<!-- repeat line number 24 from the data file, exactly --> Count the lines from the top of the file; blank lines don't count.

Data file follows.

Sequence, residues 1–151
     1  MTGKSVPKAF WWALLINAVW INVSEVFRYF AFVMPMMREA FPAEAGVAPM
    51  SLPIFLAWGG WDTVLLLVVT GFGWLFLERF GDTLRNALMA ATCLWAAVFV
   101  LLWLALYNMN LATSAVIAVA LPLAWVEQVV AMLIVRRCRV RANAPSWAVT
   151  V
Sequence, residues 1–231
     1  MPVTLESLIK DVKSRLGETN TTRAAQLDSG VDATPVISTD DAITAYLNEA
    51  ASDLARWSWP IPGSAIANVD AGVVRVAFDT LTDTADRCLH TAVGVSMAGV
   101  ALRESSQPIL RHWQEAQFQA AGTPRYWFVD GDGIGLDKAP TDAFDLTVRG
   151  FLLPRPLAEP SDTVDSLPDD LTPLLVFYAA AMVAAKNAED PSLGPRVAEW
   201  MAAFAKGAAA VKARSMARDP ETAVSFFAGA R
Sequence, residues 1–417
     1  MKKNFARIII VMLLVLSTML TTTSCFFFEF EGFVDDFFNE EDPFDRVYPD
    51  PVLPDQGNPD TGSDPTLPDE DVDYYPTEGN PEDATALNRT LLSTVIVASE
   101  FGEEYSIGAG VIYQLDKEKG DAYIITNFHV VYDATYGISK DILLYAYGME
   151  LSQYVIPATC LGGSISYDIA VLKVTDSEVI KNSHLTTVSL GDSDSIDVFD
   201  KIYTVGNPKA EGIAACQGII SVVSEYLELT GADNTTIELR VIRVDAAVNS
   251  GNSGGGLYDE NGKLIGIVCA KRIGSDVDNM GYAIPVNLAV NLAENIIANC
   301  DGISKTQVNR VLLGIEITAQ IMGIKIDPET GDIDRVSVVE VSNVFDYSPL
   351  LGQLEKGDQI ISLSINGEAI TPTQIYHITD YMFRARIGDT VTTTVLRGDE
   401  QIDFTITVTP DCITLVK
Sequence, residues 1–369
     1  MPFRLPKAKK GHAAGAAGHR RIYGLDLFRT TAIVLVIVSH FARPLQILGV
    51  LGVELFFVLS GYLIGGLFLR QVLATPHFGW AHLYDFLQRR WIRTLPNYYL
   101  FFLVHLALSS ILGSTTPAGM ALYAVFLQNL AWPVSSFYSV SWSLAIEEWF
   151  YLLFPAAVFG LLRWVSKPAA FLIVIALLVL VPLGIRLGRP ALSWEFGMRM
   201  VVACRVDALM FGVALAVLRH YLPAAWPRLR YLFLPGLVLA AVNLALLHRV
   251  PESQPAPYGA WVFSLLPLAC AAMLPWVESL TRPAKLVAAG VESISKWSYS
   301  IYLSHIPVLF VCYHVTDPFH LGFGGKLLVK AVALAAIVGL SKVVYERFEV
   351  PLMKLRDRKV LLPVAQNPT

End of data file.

    51  LGVELFFVLS GYLIGGLFLR QVLATPHFGW AHLYDFLQRR WIRTLPNYYL